The next phase of Discovery’s career is retirement; she will now head to the Smithsonian Institute’s Steven F. Udvar Hazy Center in Washington D.C. where she will be put on display. Discovery will take the place where Discovery currently resides.

“Discovery is an amazing spacecraft and she has served her country well,” said NASA Administrator Charles Bolden. “The success of this mission and those that came before it is a testament to the diligence and determination of everyone who has worked on Discovery and the Space Shuttle Program, over these many years. As we celebrate the many accomplishments of this magnificent ship, we look forward to an exciting new era of human spaceflight that lies ahead.”

There are only two missions left in the shuttle program, STS-134 onboard Endeavour which is slated to fly on Apr. 19 and STS-135 which will be flown by Atlantis on June 28.

Discovery touches down at Kennedy Space Center's runway 15, wrapping up a 27 year career. Photo Credit: Jason Rhian
A long-range shot, showing Discovery on approach to the Shuttle Landing Facility. Credit: Jason Rhian

NASA – The Frontier Is Everywhere (Videos): Readings from Carl Sagan

Check out this awesome pair of inspiring videos about NASA and Space Exploration. They are set to the ever inspiring words of Carl Sagan – reading from his book, “The Pale Blue Dot”. And these beautifully crafted videos were not created by NASA, but rather by people inspired by NASA and Carl Sagan to dream about distant frontiers even in these times of tough budgets for NASA.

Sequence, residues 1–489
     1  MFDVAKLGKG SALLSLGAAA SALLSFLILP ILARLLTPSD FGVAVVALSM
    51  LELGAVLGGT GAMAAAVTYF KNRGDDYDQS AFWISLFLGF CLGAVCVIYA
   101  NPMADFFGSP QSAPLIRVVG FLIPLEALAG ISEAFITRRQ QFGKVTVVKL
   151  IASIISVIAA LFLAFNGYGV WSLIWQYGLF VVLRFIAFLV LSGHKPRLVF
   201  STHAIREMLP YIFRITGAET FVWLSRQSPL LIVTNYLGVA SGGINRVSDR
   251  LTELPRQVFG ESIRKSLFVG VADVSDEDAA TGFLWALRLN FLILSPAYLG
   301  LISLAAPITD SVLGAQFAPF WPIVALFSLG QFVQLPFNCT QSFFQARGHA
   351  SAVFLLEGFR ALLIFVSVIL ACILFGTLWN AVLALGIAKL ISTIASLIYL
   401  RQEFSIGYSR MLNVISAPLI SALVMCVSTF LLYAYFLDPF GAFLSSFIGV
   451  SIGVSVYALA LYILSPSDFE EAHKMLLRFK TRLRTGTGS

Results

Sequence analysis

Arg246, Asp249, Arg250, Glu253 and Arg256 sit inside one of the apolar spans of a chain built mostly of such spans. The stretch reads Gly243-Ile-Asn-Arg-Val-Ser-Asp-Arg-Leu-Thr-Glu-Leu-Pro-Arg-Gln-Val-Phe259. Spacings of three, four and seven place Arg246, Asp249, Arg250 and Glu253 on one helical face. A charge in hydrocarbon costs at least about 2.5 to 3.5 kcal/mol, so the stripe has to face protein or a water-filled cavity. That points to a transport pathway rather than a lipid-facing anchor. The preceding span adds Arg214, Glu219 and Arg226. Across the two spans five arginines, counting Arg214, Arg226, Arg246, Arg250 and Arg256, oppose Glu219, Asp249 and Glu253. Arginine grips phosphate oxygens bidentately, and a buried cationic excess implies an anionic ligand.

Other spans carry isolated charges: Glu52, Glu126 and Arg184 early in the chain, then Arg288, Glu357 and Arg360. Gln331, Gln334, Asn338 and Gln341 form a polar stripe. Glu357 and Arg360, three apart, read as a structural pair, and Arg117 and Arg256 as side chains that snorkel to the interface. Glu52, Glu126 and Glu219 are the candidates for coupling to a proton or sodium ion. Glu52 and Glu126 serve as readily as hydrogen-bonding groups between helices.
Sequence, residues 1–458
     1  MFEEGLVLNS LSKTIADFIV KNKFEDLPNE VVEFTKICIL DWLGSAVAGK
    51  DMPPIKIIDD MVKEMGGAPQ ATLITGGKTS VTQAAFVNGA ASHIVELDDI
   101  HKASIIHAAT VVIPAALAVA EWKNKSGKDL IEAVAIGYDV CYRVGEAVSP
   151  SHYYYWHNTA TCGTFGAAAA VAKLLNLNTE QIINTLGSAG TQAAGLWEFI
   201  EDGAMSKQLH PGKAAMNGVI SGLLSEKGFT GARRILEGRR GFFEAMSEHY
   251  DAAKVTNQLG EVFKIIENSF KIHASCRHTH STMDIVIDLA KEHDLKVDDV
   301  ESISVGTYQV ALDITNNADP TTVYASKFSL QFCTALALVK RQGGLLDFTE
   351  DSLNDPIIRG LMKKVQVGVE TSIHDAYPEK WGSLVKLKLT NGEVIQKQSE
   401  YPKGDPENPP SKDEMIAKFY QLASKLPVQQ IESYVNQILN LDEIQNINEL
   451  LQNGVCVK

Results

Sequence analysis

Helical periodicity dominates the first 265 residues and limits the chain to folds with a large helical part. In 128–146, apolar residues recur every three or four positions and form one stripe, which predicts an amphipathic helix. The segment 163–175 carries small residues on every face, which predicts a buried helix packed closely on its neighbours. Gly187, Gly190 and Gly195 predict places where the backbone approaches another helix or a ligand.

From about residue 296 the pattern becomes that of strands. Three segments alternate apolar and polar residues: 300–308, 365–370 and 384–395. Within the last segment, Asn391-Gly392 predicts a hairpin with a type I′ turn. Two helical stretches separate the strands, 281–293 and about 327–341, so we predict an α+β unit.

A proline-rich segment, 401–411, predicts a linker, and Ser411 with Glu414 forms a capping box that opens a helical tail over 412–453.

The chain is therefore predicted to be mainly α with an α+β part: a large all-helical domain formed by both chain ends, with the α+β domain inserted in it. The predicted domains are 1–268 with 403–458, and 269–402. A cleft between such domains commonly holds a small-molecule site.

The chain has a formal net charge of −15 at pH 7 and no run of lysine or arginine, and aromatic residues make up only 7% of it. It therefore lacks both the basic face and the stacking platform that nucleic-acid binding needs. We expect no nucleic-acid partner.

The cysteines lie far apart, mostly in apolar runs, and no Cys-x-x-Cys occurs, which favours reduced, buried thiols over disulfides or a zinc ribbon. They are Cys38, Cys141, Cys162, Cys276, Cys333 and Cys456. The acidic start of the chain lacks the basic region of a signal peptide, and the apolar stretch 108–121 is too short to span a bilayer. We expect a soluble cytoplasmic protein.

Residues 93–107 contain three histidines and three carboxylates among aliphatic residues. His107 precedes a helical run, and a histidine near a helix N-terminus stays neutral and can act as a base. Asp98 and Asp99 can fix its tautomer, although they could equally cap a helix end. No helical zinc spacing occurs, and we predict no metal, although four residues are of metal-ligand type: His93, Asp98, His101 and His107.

The original, highly praised video – see below – was created by Director Michael Marantz, who was inspired by the words of Carl Sagan. Now a completely new version – above – by a fellow going by “damewse”, has been set to the same stirring words and music and the video has gone viral.

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“damewse” posted that he created the new video treatment because he feels NASA’s PR sucks, resulting in massive funding cuts. He pleads with NASA to use social media to relate to the public with videos like these to rekindle public interest in the space program.

Both videos are included here for all to enjoy and compare – moving and thought provoking in their own right.

“damewse” elaborated; “I got frustrated with NASA and made this video. NASA is the most fascinating, adventurous, epic institution ever devised by human beings, and their media sucks.”

“Seriously. none of their brilliant scientists appear to know how to connect with the social media crowd, which is now more important than ever. In fact, NASA is an institution whose funding directly depends on how the public views them.”